The Hypertension Team: The Role of the Pharmacist, Nurse, and Teamwork in Hypertension Therapy

Authors

  • Barry L. Carter Pharm D,

    1. From the Department of Pharmacy Practice and Science, College of Pharmacy, University of Iowa, Iowa City, IA;
    2. the Department of Family Medicine, College of Medicine, University of Iowa, Iowa City, IA;
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  • Hayden B. Bosworth PhD,

    1. the Department of Medicine, School of Medicine and School of Nursing, Duke University, Durham, NC;
    2. the Department of Psychiatry and Behavioral Sciences, School of Medicine and School of Nursing, Duke University, Durham, NC;
    3. the Durham VAMC, Center for Health Services Research in Primary Care, Durham, NC;
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  • Beverly B. Green MD, MPH

    1. the Group Health Research Institute, Seattle, WA;
    2. Group Health Permanente, Seattle, WA;
    3. the University of Washington School of Medicine, Seattle, WA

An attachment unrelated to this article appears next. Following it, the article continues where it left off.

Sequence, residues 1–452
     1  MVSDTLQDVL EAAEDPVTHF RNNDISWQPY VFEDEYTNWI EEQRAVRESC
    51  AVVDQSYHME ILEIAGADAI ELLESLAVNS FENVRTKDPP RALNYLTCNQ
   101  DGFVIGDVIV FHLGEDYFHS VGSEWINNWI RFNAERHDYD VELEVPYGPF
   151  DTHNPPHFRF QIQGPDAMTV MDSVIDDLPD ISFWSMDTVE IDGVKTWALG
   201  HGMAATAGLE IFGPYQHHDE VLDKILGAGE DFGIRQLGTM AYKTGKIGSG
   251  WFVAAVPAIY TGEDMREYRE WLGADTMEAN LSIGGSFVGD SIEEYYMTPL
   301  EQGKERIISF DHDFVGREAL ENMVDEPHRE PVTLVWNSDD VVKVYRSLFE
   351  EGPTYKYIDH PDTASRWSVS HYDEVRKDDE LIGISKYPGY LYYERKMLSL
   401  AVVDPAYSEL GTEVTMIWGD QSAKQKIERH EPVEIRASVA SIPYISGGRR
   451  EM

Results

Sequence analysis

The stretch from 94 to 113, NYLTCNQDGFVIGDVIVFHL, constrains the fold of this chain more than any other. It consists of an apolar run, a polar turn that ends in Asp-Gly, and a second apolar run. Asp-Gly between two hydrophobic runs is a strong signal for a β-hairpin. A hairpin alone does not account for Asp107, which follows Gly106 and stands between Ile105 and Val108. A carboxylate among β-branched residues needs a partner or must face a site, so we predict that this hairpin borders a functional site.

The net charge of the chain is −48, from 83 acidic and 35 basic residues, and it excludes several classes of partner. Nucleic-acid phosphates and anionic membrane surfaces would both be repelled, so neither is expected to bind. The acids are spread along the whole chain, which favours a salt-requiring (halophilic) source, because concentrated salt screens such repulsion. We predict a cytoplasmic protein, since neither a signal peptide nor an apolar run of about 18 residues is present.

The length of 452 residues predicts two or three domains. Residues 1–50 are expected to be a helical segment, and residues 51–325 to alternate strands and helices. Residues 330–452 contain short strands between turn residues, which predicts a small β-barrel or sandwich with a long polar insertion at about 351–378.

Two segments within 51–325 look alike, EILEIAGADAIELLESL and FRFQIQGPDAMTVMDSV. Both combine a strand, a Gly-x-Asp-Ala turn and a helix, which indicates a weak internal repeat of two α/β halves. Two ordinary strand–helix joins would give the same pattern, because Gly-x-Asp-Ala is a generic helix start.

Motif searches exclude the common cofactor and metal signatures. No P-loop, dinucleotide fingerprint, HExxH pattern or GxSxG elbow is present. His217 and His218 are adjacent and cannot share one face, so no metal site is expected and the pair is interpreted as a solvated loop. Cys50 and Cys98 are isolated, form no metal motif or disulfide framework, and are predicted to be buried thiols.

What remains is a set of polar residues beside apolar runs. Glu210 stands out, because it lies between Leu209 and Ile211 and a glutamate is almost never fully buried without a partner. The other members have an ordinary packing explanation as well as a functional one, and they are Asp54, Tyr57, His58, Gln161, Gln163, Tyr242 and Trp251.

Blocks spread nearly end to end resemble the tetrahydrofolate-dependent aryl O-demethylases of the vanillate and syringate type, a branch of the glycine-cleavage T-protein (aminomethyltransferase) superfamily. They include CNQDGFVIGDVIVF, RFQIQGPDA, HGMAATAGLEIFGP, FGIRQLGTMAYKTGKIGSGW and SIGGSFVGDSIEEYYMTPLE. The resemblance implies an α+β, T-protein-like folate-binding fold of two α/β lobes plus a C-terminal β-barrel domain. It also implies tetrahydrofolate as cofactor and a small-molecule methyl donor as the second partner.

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Barry L. Carter, Pharm D, Department of Pharmacy Practice and Science, College of Pharmacy, Room 527, University of Iowa, Iowa City, IA 52242
E-mail:barry-carter@uiowa.edu

Abstract

J Clin Hypertens (Greenwich).

Team-based care is one of the key components of the patient-centered medical home. Studies have consistently demonstrated that teams involving pharmacists or nurses in patient management can significantly improve blood pressure control. These findings have been demonstrated in several meta-analyses and systematic reviews. These reviews have generally found that team-based care can reduce systolic blood pressure by 4–10 mm Hg over usual care. However, these reviews have also concluded that many of the studies had various limitations and that additional research should be conducted. The present state of the art review paper will highlight newer studies, many of which were funded by the National Institutes of Health. Newer strategies involve telephone and/or web-based management which is an evolving area to improve blood pressure control in large populations. Social media and other technology is currently being investigated to assist pharmacists or nurses in communicating with patients to improve hypertension management. Few cost-effectiveness analyses have been performed but generally have found favorable costs for team-based care when considering the potential to reduce morbidity and mortality. The authors will suggest additional research that needs to be conducted to help evaluate strategies to best implement team-based care to improve blood pressure management.

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